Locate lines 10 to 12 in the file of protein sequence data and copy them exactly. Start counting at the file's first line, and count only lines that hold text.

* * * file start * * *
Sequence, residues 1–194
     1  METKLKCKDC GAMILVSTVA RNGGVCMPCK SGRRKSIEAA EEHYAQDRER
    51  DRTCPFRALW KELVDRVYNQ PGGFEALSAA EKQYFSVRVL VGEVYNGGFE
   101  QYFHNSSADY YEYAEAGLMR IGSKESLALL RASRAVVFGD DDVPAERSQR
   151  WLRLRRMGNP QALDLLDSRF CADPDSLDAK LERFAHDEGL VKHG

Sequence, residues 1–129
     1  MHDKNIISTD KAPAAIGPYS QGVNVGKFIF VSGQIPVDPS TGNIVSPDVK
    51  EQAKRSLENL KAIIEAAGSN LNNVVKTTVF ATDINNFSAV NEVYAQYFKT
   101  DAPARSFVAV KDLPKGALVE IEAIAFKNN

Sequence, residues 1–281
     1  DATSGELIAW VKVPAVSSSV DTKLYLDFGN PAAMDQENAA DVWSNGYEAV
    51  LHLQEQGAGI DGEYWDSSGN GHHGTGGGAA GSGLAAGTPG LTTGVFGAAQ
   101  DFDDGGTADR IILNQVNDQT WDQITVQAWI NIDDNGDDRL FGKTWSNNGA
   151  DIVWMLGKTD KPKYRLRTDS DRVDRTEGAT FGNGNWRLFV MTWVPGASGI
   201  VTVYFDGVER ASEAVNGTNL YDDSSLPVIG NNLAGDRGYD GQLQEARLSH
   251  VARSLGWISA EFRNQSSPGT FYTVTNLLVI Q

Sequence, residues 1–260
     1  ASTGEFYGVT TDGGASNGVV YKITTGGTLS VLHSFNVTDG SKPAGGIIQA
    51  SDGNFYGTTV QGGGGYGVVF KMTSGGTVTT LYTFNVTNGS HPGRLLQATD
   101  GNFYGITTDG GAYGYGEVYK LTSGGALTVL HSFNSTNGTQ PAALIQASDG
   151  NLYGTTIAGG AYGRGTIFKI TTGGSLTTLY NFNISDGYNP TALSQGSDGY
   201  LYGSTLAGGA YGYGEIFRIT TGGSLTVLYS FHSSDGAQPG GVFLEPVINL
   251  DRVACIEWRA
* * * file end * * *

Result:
Sequence, residues 1–281
     1  DATSGELIAW VKVPAVSSSV DTKLYLDFGN PAAMDQENAA DVWSNGYEAV
    51  LHLQEQGAGI DGEYWDSSGN GHHGTGGGAA GSGLAAGTPG LTTGVFGAAQ